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Climate and Environment

From bad to worse: Key IPCC findings on climate impacts

Marlowe Hood - Agence France-Presse
From bad to worse: Key IPCC findings on climate impacts
In this file photograph taken on July 20, 2021, a volunteer with a chainsaw stands in front of uprooted trees in Kreuzberg, Rhineland-Palatinate, western Germany, after devastating floods hit the region.
AFP/Christof Stache

PARIS, France — With nearly half the world population "highly vulnerable" to severe climate shocks and nature facing in some cases irreversible threats, UN experts unveiled Monday a harrowing picture of global warming impacts. 

Here is a rundown on some of the major findings in the Intergovernmental Panel on Climate Change's report from the key Summary for Policymakers:

A here-&-now reality 

Severe climate impacts—once seen as a problem on the horizon—have become a here-and-now reality.

Global warming has already contributed to species decline and extinction; an increase in vector-borne disease; more deaths due to heat and drought; reduced yields in staple crops; water scarcity; and a decline in fisheries and aquaculture.

Climate change has adversely affected physical health worldwide, and mental health in regions where data is available. Even as needs increase, health services have been disrupted by extreme events such as flooding. 

The rise in weather and climate extremes has already led to "irreversible impacts" in both human society and the natural world, the report concludes.

And it makes clear that this is only the beginning. 

Impacts will intensify with every fraction of a degree of warming.

At 1.5 degrees Celsius above preindustrial temperatures, 14 percent of terrestrial species will face an extinction risk. 

Meanwhile, billions more people will be exposed to dengue fever, and climate-driven extreme events "will significantly increase ill health and premature deaths".

High tide = high risk 

No matter how quickly carbon pollution driving global warming is drawn down, a billion people will be at risk from coastal climate hazards such as increasingly powerful storms amplified by rising seas.

The population exposed to once-a-century coastal flooding will double if oceans rise 75 centimeters (30 inches), well within the range of 2100 projections. Currently, some 900 million people live within 10 meters (33 feet) of sea level.

By 2100, the value of global assets within future 1-in-100-year coastal floodplains will be about $10 trillion in a moderate greenhouse gas emissions scenario.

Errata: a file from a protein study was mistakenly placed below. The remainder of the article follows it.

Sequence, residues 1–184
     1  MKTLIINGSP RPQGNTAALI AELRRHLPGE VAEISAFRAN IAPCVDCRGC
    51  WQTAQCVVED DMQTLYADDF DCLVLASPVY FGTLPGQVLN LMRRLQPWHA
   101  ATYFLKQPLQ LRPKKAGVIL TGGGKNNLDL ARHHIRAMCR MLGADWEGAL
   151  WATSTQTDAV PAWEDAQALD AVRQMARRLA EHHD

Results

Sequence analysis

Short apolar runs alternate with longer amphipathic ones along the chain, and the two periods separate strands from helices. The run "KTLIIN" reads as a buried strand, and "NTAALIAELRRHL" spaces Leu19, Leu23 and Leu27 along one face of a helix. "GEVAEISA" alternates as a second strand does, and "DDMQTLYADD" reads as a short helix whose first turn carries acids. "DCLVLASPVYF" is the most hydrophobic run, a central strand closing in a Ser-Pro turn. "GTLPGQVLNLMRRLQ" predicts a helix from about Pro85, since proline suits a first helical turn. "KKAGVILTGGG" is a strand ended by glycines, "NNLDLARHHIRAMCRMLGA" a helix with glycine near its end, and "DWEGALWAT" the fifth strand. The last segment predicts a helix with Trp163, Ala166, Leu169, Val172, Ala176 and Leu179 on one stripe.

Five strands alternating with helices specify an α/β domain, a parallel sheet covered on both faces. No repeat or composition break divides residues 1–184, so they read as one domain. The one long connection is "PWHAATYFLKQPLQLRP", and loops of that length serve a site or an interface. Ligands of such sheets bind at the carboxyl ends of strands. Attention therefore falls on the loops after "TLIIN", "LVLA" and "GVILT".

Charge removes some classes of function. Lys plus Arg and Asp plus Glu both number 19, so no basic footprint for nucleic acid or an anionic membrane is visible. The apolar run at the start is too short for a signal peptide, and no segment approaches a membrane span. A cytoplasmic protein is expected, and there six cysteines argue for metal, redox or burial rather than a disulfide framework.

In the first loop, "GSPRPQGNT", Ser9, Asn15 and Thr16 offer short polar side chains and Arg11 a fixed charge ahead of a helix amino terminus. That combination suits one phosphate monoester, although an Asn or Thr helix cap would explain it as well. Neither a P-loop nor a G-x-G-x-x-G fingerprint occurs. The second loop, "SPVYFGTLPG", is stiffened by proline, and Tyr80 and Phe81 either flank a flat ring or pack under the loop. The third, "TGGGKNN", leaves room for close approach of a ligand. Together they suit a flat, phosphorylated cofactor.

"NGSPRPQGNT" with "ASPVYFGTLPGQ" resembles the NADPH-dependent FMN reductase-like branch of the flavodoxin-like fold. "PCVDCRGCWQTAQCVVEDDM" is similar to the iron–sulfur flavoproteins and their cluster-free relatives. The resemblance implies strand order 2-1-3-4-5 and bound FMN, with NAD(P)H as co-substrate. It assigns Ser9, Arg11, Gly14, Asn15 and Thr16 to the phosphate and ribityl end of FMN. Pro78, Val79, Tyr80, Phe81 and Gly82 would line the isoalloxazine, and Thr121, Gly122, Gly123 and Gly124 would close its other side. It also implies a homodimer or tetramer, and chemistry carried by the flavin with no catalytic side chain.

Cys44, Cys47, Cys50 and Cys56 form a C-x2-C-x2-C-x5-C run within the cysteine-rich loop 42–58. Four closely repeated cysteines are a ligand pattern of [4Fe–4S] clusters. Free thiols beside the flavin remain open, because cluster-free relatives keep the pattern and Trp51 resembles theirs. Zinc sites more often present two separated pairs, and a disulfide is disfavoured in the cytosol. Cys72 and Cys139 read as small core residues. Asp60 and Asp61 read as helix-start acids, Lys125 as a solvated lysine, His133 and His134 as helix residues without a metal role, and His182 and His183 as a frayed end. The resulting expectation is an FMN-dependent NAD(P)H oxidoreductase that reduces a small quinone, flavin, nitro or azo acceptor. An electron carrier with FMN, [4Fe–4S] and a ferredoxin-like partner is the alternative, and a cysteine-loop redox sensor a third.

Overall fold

1.5C overshoot (not OK) 

In the first instalment of its trilogy of reports, the IPCC's August 2021 assessment on physical science kept alive the Paris Agreement goal of capping global warming at 1.5C. 

But even then, it said temperatures would temporarily exceed that threshold, potentially within a decade.

In its latest report the IPCC outlines the stiff penalty involved in this so-called "overshoot".

Additional warming above 1.5C "will result in irreversible impacts" on ecosystems such as coral reefs, mountain glaciers and ice sheets with enough frozen water to lift ocean tens of meters.

Permafrost stocked with twice the carbon in the atmosphere could become destabilized.

"The risk of severe impacts increases with every additional increment of global warming during overshoot," the IPCC says with "high confidence". 

'Adapt or die' 

Adaptation barely figured in the IPCC's equivalent report from 2007. By comparison, the new assessment—the sixth since 1990—highlights the need to cope with unavoidable climate impacts on almost every page.

Overall, the IPCC warns, global warming is outpacing our preparations for a climate-addled world: "At current rates of adaptation planning and implementation, the adaptation gap will continue to grow."

Whether it's reducing food waste or promoting sustainable farming; restoring protective mangrove forests or building sea dams; planting urban green corridors or installing air conditioners —the search for ways to live with climate change has become urgent.

'Maladaptation' & trade-offs 

The IPCC also highlights the dangers of getting it wrong at a time when there's no margin for error.

"There is increased evidence of maladaptation across many sectors and regions," the report cautions.

Building a seawall to protect against storm surges made more destructive by sea level rise, for example, may result in further development in precisely the areas most exposed to danger, creating "lock-ins" and increased exposure over the long-term.

Tipping points & compound impacts

The report trains a spotlight on irreversible and potentially catastrophic changes in the climate system known as tipping points that would be triggered at different thresholds of global warming. 

These include the melting of ice sheets atop Greenland and the West Antarctic, which have enough frozen water to lift oceans 13 meters

In a more immediate future, some regions—north-eastern Brazil, Southeast Asia, the Mediterranean, central China—and coastlines almost everywhere could be battered by multiple climate calamities: drought, heatwaves, cyclones, wildfires, flooding.

Scientists have only begun to study the impact of such compound calamites.

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